“Alarming” number of dairy clients possibly missing out

 

Nearly four-in-ten dairy farmers could be missing out on the latest advances in mastitis prevention and treatment, according to results of a 400-farmer survey by the animal health company Zoetis.[Ref 1] The average participant had 144 cows producing 7,648 litres/com with a mastitis somatic cell count of 165,000 cells/ml.

Those potentially missing out last reviewed mastitis prevention with their vets two years ago (12%), three years ago (4%), more than three years ago (8%) or have never done so (14%).

Zoetis vet Dr Jude Roberts says the study was done to gain a better understanding of how to help farmers and veterinary practices mutually achieve lower clinical mastitis rates specifically, and better udder health in general.

“Clearly, the place to start tackling this alarming outcome is encouraging farmers and vets to ask each other about taking advantage of all today’s latest knowledge,” she says.

“But if it was that simple, all farmers rather than just 63% would be doing this already. Perhaps it is coincidence, but latest estimates also suggest that just over 60% of dairy herds use an internal teat sealant, predominantly OrbeSeal, for dry period protection against new mastitis infections.”

In a number of significant studies since 2008, Dr Roberts says using OrbeSeal® produced reductions in early lactation clinical mastitis of between 37% to 50%.[Ref 2, 3, 4] One of these compared the efficacy of conventional antibiotic dry cow therapy alone and in combination with the teat sealant and found a 50% reduction in clinical mastitis over the first 100 days of lactation attributed to the use of OrbeSeal.

Another study involving 12 commercial dairy farms found 40% fewer cases of clinical mastitis in the first 100 days of lactation in cows dried off with a combination of long-acting dry cow antibiotic and OrbeSeal, compared to cows dried off with the same long acting dry cow tube alone.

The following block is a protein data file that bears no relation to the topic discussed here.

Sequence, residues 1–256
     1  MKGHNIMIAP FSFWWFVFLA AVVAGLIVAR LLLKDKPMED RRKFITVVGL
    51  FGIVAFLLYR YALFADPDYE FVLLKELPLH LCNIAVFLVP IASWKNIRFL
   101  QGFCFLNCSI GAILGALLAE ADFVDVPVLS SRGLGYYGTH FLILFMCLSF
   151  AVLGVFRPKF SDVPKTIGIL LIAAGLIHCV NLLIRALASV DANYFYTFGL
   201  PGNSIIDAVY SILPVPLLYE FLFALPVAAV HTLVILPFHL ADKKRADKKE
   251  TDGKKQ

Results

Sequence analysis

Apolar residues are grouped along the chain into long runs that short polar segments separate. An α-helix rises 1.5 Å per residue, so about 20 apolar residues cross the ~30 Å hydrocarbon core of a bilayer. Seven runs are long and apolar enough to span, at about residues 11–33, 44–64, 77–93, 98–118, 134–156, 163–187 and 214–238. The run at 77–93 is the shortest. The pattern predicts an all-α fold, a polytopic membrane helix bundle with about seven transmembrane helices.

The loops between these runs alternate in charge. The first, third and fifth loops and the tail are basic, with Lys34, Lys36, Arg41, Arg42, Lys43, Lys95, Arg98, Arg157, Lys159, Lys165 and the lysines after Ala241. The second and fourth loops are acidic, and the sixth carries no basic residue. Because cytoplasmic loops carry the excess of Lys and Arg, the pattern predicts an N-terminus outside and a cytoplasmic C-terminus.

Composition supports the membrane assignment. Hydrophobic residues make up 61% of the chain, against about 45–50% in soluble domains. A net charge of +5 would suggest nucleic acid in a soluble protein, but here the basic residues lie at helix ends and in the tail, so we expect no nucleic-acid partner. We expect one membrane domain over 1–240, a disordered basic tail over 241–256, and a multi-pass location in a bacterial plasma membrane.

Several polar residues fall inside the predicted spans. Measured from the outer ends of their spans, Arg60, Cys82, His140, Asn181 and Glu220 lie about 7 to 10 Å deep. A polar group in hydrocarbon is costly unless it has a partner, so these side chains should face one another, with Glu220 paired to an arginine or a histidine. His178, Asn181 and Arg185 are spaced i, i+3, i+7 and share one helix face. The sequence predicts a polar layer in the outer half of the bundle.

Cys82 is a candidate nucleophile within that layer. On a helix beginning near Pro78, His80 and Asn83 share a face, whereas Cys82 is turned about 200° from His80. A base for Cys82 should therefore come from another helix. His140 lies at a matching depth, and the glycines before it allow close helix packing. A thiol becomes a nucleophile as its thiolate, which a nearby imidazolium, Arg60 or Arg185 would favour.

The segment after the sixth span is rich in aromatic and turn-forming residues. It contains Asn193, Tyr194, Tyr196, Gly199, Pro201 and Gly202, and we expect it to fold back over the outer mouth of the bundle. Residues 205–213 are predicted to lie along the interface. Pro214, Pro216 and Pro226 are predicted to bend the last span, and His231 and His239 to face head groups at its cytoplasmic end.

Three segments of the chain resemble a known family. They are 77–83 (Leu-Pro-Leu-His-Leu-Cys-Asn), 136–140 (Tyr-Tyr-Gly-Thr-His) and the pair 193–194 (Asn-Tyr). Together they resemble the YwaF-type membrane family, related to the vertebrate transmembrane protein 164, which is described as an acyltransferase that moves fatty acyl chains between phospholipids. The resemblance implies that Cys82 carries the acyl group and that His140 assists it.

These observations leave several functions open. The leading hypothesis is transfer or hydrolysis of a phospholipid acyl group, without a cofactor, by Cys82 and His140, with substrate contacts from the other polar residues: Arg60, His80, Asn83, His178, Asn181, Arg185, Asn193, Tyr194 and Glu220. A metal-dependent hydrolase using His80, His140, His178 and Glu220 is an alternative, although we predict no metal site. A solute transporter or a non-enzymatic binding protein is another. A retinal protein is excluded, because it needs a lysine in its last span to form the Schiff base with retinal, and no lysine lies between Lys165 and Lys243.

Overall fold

“This illustrates the wealth of knowledge available and it’s never too late to introduce changes for the better,” Dr Roberts adds. “Of course, some farmers worry about the possible cost of asking their vet’s advice. From personal experience, I know vets share this concern. But this stops a farmer getting the best out of their vet’s knowledge and expertise, and it restricts the vet’s impact on animal health to the established comfort zone.

“The best way out, in my experience, is that one or the other has to break the ice into new ground, perhaps by agreeing explicitly to have a short and free of charge, ‘any other business’ session at the end of each vet visit.”

OrbeSeal contains bismuth subnitrate, POM-V. For further information, please contact Zoetis , Walton Oaks, Dorking Road, Walton-on-the-Hill, Tadworth, Surrey KT20 7NS. Use medicines responsibly (www.noah.co.uk/responsible). AH004/14.

1 P Christopher & J Roberts (2013). Vets involvement in mastitis control – a great opportunity to re-engage. Proceeding of the British Mastitis Conference, Sixways, Worcester, p49-50. The Dairy Group, University of Nottingham, and Dairyco.

2 Pfizer (2011). Effect of introducing OrbeSeal into a dry cow management programme and the impact on farm economics. Poster published at International Conference on Udder Health and Communications, The Netherlands, October 2011.

3 HT Newton et al, 2008. Comparison of the efficacy of cloxacillin alone and cloxacillin combined with an internal teat sealant for dry cow therapy. Veterinary Record, 24 May 2008, no 162, p678-684.

4 Mütze et al (2008). Comparing the effect of an application of a long-acting dry cow antibiotic for drying off with the combined application of a long-acting dry cow antibiotic and an internal teat seal on udder health of dairy cows state up to 100 days post-calving. Proceedings of the 25th World Buiatrics Congress 2008, Budapest, Hungary.